Morocco: New Online Database Provides Means for Judicial Consistency in Enforcing Women's Rights
Wednesday, April 17, 2013 4:10 PM

A new website—called Marsadnissa, or Women’s Observatory—aims to facilitate greater consistency across the Moroccan judiciary by providing lawyers and judges with access to an online collection of judicial decisions relating to women’s rights.

Recently, rape law reform in Morocco has been a primary focus for many international human rights advocacy groups, including Global Rights—a nongovernmental organization whose mission is to provide women with greater access to justice. However, advocates are aware that even if the legislature acts to amend current rape laws, a strongly supportive judiciary is essential to ensure that such changes are consistently enforced.

For example, while Moroccan law sets 18 as the minimum age requirement for marriage, conservative judges often find ways to grant special dispensations to defeat that limitation. In conjunction with Article 475—a law which currently allows abrogation of a statutory rape charge if the accused marries the victim—there is a strong incentive for a man accused of statutory rape to convince a judge to overrule the age requirement for marriage so the man can marry the victim, thereby escaping from criminal liability. Consequently, a statutorily-enacted minimum age requirement requires consistent judicial enforcement in order to prevent the continually high rate of forced and child marriage in Morocco.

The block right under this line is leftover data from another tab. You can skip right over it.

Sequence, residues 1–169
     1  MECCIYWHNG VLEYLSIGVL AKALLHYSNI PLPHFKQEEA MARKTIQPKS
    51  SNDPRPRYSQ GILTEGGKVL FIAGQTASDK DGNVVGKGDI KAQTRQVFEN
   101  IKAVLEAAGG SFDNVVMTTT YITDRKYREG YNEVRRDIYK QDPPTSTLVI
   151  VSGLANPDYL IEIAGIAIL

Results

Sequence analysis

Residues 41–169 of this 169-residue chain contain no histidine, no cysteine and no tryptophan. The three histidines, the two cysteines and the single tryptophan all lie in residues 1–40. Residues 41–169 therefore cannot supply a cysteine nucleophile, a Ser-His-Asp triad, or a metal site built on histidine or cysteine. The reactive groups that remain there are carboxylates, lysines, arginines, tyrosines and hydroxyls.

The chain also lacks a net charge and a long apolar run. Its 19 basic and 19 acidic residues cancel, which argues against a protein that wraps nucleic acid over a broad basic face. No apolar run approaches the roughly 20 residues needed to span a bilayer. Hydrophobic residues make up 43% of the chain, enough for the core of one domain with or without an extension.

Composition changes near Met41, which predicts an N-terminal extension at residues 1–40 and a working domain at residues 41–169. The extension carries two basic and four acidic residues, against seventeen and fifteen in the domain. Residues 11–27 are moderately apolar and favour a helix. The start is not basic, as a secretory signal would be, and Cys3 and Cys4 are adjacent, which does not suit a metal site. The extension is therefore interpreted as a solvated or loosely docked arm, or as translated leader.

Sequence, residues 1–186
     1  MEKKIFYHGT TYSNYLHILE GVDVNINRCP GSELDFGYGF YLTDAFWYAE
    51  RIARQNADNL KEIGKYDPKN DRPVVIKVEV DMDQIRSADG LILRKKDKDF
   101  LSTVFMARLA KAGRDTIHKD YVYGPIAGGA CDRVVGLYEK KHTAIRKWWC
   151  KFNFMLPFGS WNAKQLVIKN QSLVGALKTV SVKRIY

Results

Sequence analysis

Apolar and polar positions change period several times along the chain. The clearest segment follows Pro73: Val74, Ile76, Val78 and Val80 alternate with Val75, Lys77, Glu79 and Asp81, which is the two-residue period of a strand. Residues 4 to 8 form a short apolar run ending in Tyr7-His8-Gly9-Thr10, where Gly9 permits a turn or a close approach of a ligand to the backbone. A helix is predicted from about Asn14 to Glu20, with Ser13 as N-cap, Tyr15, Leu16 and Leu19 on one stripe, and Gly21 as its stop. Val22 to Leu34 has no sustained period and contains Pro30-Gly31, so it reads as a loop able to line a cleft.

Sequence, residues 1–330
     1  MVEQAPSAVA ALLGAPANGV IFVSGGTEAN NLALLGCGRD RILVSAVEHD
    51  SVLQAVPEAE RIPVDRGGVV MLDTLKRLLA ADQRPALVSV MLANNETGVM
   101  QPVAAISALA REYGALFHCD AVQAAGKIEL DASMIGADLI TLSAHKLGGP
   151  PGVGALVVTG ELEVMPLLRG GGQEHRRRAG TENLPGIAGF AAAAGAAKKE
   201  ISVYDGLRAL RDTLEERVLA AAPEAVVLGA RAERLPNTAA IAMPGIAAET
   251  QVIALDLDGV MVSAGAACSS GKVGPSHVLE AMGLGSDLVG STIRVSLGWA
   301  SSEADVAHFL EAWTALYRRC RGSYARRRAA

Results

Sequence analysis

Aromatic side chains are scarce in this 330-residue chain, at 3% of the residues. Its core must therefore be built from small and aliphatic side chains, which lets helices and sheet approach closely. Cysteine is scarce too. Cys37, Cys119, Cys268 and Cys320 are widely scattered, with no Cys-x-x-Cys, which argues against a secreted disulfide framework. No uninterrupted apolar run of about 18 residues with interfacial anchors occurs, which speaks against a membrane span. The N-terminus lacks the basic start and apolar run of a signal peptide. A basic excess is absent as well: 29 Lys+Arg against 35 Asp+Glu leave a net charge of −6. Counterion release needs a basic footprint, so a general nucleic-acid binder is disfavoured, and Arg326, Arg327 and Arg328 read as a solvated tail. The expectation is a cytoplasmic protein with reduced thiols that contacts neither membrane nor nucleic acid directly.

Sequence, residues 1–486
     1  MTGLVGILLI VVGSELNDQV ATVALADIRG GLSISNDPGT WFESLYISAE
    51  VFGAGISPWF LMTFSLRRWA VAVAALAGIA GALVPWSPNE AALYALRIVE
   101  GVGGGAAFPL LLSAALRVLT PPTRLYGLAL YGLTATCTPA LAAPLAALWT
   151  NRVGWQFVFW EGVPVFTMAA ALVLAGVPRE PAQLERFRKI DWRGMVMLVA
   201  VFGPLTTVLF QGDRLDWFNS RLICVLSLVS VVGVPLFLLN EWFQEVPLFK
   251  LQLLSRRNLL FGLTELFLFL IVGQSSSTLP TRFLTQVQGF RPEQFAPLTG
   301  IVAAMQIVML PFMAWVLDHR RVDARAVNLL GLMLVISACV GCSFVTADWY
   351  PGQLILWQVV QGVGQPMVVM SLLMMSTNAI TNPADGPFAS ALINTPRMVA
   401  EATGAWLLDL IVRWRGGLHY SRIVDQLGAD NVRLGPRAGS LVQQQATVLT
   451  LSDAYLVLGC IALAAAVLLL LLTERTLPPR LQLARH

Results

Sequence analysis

Currently, reform may be imminent at the legislative level, as the Justice Ministry announced in January that it would support Parliament in striking down Article 475. Yet, advocates recognize that this is only the first step towards actual implementation of these reforms. “We’d like to see greater consistency in court decisions and greater protection of women’s rights by the judiciary,” says Stephanie Willman Bordat—Global Rights Director for the Maghreb region of North Africa.

Through its growing collection of easily accessible judicial decisions from across the country, Marsadnissa represents a significant step towards creating the systemic framework necessary to achieve this consistency.  

Compiled from: Aida Alami, “Morocco Slow to Enforce Women’s Rights,” New York Times (April 10, 2013).